The wellbeing, 'arts inclusion' event Play's The Thing yesterday was at Toynbee Hall, the organisation where John Profumo worked quietly after the Christine Keeler affair ended his more public life as Minister for War (those were the days). The organisers, Escape Artists, work with excluded groups, such as prisoners, to improve their chances of not re-offending. I opted to join the London Shakespeare Workout, led by Dr Bruce Wall, who gave us some statistics about how many people are in prisons in the UK and how much their incarceration and re-offending costs us. Bruce works all over the world, in prisons from Bangkok to Malta, at universities such as Cambridge and with directors - notably Jonathan Miller and Peter Brook.For over two hours we played games based on developing group communications, including three exercises directly based on Shakespeare. One which involved us all was shouting out at random five-footed (iambic) phrases - the rhythm favoured by Shakespeare. Three volunteers (all actors) played out a scene from A Midsummer Night's Dream, and one other volunteer (ditto) did an exercise with Bruce himself, based on a passage from King Lear. At the end, as we were gathered round, I said how odd it was that in premises established by 19th century Church of England reformers (Toynbee Hall http://www.toynbeehall.org.uk), engaged on an exercise profoundly informed by Christian principles such as 'judge not, lest ye be judged' and 'let him who is without sin cast the first stone', the King James bible and indeed Shakespeare himself, Christianity was nowhere mentioned; the only religion mentioned on the agenda was Buddhism. There was a silence, broken by the awkward, sympathetic comment: 'faith sits better with me' - a remark that merely served to underline the curious black hole into which Christianity among the intelligentsia in general and the C of E in particular has fallen.
I'm indebted to the Writer's Almanac for alerting me to the fact that today's the birthday of pop philosopher, historian, and poet Jennifer Michael Hecht, born in Long Island in 1965. Hecht holds a Ph.D. in the history of science, a subject that fascinates her -- and simultaneously convinces her that art trumps scholarship. She inhabits each world -- teaching, studying, and publishing both poetry and historical, analytical nonfiction -- but ultimately pledges allegiance, she says, to poetry. "If you look at a testimony of love from 2,000 years ago, it can still exactly speak to you, whereas medical advice from only 100 years ago is ridiculous," she said in an interview with the Center for Inquiry. "And so as a historian, I write poetry. I'm profoundly committed to art as the answer. Indeed, I don't put science really as the way I get to any of my answers; it's just helpful. It's poetry that I look to. It's the clatter of recognition. Everybody has different ways, but I attest that poetry works pretty well."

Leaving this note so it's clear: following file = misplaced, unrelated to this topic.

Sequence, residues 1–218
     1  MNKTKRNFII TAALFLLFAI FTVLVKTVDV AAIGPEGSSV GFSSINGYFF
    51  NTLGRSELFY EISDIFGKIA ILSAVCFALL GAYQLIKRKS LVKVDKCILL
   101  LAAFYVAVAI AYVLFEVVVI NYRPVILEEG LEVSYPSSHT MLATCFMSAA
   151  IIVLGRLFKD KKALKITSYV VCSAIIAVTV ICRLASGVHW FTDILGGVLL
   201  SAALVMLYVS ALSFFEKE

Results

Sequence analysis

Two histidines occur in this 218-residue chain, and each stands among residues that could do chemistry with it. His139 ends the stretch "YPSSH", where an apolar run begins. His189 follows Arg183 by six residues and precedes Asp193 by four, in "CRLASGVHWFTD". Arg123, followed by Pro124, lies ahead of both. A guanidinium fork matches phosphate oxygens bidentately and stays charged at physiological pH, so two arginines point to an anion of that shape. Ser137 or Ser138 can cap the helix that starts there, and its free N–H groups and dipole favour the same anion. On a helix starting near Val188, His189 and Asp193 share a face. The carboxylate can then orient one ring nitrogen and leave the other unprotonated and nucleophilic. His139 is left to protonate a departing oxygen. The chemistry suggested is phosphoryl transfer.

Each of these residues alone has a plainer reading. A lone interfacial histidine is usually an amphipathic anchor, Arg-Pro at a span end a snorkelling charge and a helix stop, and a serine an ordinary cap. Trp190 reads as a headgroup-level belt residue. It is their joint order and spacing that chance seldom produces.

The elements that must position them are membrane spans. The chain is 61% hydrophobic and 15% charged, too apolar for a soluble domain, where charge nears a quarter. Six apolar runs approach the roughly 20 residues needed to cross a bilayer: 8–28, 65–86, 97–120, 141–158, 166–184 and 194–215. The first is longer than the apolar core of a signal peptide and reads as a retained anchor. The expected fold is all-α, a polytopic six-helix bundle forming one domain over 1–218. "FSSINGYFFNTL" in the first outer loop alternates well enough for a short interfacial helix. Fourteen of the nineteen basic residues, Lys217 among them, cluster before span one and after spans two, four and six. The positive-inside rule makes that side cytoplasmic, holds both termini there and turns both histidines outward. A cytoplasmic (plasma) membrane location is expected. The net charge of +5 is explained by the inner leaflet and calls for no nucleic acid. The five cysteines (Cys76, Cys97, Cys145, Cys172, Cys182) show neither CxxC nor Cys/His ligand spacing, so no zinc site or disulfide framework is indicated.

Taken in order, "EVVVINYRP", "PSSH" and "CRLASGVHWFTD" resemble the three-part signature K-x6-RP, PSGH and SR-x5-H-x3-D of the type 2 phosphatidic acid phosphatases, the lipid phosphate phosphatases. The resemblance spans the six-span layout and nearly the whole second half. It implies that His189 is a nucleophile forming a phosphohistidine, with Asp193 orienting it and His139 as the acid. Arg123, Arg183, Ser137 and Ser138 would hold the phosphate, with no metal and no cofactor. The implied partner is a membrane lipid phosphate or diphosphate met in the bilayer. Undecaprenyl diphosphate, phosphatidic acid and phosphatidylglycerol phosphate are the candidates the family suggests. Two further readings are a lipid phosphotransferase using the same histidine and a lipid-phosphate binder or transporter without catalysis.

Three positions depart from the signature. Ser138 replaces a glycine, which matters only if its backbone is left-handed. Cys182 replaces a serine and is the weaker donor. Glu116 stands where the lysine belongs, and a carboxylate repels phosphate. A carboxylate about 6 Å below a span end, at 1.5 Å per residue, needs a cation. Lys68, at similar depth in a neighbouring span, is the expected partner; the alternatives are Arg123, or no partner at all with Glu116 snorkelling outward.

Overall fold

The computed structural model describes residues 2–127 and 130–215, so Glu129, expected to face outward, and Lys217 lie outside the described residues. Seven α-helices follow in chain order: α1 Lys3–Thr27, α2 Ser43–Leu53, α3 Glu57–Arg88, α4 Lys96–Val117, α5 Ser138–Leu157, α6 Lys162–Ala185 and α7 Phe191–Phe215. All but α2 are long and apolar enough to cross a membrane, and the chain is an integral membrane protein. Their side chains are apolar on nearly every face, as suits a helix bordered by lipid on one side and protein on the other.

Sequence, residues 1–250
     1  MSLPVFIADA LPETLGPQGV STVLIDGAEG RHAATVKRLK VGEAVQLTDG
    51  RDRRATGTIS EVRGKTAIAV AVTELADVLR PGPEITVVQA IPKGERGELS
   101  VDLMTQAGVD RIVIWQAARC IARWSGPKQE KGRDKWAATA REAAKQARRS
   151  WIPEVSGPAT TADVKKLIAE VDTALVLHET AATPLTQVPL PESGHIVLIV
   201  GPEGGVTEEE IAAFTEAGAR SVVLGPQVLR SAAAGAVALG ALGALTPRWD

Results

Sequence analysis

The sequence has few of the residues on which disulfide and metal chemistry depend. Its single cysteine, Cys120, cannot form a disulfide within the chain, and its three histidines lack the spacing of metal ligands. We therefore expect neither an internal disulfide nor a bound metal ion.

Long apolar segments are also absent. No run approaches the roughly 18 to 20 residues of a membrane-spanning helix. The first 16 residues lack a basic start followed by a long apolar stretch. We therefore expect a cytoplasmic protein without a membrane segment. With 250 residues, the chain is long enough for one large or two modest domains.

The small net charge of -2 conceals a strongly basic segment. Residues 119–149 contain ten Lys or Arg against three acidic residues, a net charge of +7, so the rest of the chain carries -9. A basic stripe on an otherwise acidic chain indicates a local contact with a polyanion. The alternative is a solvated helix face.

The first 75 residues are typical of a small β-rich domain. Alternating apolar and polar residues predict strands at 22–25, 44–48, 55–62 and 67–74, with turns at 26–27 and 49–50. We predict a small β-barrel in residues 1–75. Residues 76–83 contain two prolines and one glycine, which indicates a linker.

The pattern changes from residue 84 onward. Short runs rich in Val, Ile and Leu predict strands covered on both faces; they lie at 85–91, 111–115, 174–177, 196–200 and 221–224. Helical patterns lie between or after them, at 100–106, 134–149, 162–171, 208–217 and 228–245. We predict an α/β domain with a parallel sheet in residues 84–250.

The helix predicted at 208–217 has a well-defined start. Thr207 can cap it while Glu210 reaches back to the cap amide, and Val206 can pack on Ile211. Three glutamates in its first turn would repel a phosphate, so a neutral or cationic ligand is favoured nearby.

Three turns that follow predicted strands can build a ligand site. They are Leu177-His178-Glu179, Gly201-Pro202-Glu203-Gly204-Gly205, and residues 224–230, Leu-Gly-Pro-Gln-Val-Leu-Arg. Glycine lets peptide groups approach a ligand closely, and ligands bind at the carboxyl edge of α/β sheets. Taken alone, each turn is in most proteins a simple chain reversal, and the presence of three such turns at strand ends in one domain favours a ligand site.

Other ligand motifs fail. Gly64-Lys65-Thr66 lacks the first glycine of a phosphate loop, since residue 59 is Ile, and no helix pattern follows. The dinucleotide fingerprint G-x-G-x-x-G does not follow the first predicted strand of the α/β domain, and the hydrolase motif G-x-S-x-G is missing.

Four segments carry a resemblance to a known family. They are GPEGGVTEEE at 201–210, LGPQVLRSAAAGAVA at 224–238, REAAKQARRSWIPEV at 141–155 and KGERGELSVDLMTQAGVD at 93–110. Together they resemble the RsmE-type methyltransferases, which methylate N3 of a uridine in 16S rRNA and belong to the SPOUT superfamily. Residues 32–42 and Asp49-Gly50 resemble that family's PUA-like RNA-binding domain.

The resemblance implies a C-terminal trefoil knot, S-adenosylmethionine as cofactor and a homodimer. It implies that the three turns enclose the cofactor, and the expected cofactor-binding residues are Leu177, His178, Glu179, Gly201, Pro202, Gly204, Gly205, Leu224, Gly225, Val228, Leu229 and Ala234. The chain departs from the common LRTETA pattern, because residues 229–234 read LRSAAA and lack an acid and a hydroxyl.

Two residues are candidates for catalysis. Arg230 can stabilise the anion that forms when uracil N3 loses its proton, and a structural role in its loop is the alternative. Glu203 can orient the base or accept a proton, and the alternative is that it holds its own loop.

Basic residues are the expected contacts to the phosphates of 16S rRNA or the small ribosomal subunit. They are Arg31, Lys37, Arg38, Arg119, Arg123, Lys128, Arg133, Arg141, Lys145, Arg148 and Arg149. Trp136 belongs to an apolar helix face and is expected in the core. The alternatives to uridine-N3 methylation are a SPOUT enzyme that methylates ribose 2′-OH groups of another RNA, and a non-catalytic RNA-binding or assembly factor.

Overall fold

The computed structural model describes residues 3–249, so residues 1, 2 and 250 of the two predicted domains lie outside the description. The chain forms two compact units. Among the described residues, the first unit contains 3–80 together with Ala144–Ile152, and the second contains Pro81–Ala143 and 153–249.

Hecht was speaking on the topic of her latest book, called The Happiness Myth: The Historical Antidote to What Isn't Working Today (2007), in which she argues that happiness is a phenomenon influenced far more by culture than by what we think of as scientific fact. In it, she writes: "We think our version of a happy life as more like physics than like pop songs; we expect the people of the next century, say, to agree with our basic tenets -- for instance, that broccoli is good for a happy life and that opium is bad -- but they will not. Our rules for living are more like the history of pop songs. They make their weird sense only to the people of each given time period. They aren't true."